I’ve been thinking alot about the previous entry (activity playlist) and how I can do a similar thing in my new TED course. I have to say….I’m REALLY excited about an idea I have. I want to offer students a menu or playlist or activities like what was suggested above. I also have at least two other goals that I feel are important: 1) I want students to collaborate – not merely work on their own chosen activities and 2) I need students to consider different areas of engineering that I had already outlined in my course description (Biotechnology, communications, energy, entertainment and recreation).
Here is the plan….students will create and publish 4 issues – one for each unit – of an e-magazine. The look and feel should be something of a mashup between Wired, Fast Company, and Popular Mechanics. Because the course is called Technology, Engineering, and Design, I need to be intentional about incorporating each of those disciplines. In a broad sense the magazine itself will contribute to the majority of the design element. My vision of the mag is to be highly designed using LucidPress and have the styling of glossy magazine like Wired. Within the magazine will be a variety of entries that will cover both the engineering and technology components. An unit specific infographic might be an additional demonstration of design learning. Specific to engineering, I will expect students to submit DIY articles like you would find in Popular Mechanics or Instructables. I imagine students designing a communication devices using arduino in the communications unit. A step by step tutorial of how to build the device could appear in the magazine as a demonstration of the student’s engineering learning. In the realm of technology, I really want to focus on human issues with technology (ie. ethics, socio-political influences, product lifecycle commentary, technological privacy issues). Here I imagine student editorial pieces about GMO’s in the biotechnology unit for instance. All together students will be bounded by the magazine issue topic (goal #2) and will have to collaborate to put an cohesive magazine together (goal #1). In essence, the magazine project itself is PBL-esque that can take care of the design component of the class and will also serve as a sort of portfolio of student work.
I still need to wrap my head around how I facilitate the right amount of articles of each type in each issue while also maximizing student choice of assignments (like the playlist idea). If I assigned a group of students to the “written editorial” section on this unit and then the “diy tutorial” section in the next unit, would that preserve enough student choice and create the differentiated experience that got me excited in the first place?
Would love some feedback…is this an idea worth pursuing? OR scrap it?
This tweet came across my feed that really got me thinking about delivery of Technology Education.
The link takes you to an online course, ds106 (digital storytelling), where you will find a list of assignment categories. The categories are not necessarily anything new. There are writing assignments, video assignments, web assignments, etc. There are some, however, that piqued my interest a little more….audio assignments, 3D printing assignments, and design assignments. As I dug deeper, I found that the suggestions for these different types of activities are really cool! You find things like create an infographic for your favorite movie, mash two different 3D models together before printing, create a self reflection podcast, and create a poster worthy image from schematics found on patent searches. I would love to take this class!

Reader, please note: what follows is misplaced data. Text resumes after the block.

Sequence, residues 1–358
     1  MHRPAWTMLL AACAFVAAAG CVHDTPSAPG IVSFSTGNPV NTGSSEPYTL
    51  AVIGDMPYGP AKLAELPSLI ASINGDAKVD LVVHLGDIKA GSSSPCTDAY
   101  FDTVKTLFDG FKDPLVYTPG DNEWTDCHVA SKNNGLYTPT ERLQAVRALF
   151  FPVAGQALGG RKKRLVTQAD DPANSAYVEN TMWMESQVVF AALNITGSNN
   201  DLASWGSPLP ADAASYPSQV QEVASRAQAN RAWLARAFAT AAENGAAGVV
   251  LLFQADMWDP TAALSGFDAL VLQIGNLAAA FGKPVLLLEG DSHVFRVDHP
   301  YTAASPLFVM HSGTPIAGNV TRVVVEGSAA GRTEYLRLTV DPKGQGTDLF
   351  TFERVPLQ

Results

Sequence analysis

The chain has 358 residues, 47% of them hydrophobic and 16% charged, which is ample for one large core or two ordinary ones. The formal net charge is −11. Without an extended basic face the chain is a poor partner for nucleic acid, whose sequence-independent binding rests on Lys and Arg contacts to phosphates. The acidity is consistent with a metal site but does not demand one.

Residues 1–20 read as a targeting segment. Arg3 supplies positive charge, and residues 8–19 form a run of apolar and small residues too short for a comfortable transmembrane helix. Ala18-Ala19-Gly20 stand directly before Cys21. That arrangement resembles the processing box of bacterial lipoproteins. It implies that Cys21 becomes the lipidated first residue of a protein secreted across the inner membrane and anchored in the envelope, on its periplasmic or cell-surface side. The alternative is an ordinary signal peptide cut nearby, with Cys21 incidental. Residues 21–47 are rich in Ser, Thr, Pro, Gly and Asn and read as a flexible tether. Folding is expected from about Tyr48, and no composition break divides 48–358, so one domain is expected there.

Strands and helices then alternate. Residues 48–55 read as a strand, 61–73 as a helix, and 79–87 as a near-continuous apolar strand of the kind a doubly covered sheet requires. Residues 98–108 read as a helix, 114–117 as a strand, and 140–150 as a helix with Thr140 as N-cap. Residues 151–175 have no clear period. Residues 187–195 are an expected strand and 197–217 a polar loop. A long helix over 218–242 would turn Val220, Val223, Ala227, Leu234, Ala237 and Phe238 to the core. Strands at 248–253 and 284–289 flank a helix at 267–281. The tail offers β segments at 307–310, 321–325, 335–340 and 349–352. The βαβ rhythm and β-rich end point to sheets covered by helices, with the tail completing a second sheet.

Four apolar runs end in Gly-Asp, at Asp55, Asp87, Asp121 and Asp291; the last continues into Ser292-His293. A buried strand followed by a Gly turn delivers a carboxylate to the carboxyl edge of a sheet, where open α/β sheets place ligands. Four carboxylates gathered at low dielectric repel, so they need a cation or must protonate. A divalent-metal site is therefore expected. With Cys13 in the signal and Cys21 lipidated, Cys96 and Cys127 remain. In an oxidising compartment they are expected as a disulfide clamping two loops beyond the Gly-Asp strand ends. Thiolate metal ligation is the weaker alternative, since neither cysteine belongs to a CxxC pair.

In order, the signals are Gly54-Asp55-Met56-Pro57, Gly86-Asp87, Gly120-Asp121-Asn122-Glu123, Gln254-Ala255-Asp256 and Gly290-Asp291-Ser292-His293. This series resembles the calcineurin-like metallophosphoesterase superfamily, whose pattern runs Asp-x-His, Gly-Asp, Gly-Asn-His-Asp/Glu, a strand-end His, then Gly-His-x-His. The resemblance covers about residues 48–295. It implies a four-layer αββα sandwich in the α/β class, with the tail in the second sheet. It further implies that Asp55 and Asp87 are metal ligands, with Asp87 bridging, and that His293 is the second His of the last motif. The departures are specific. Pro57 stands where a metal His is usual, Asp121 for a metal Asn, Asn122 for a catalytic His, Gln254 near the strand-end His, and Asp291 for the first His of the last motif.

What is super intriguing is that the course seems to be totally student driven and differentiated according to students’ interests. I wonder how a teacher might require that each student completes each type of assignment? I suspect that only doing writing assignments for example would not qualify as a pass for the course. This particular teacher rates each assignment “suggestion” on a difficulty scale from 1-5. The teacher might suggest then that students earn X amount of stars in each category. Brilliant! I really want to use this idea for my new Technology, Engineering, and Design course next year.
There is definitely tension between teachers who lean more toward the “habits of mind” side of the spectrum, those on the discrete learning outcome side of the spectrum, and those who are somewhere in between. I struggle with the balance as well. I feel pretty confident that the mindsets are what students most need to know (embody?), but I feel pressure to not pass on science students to another teacher who might expect certain discipline specific prerequisites.
In the end, the pressure to add learning outcomes stems from what feels like an academic arms race. At some point, which I think is soon, the addition of more standards/APs/tests becomes unsustainable. Innovation is part analytical thinking and part intuition. The analytics may say APs and test scores make for a collegiate “minimum viable product”, but intuition and experience tell me that these figure little into the overall success and happiness of a person.
I wonder what it would look like if our focus was not only to prepare students for post secondary acceptance, but really pushed to guide students toward the best possible post secondary experience. In UbD fashion, if we want the best and most personalized post secondary experience for students, than we should start with an imagined student future beyond college. I guess my point is – there is a broader definition for “college ready” than just checking boxes next to learning outcomes and test scores.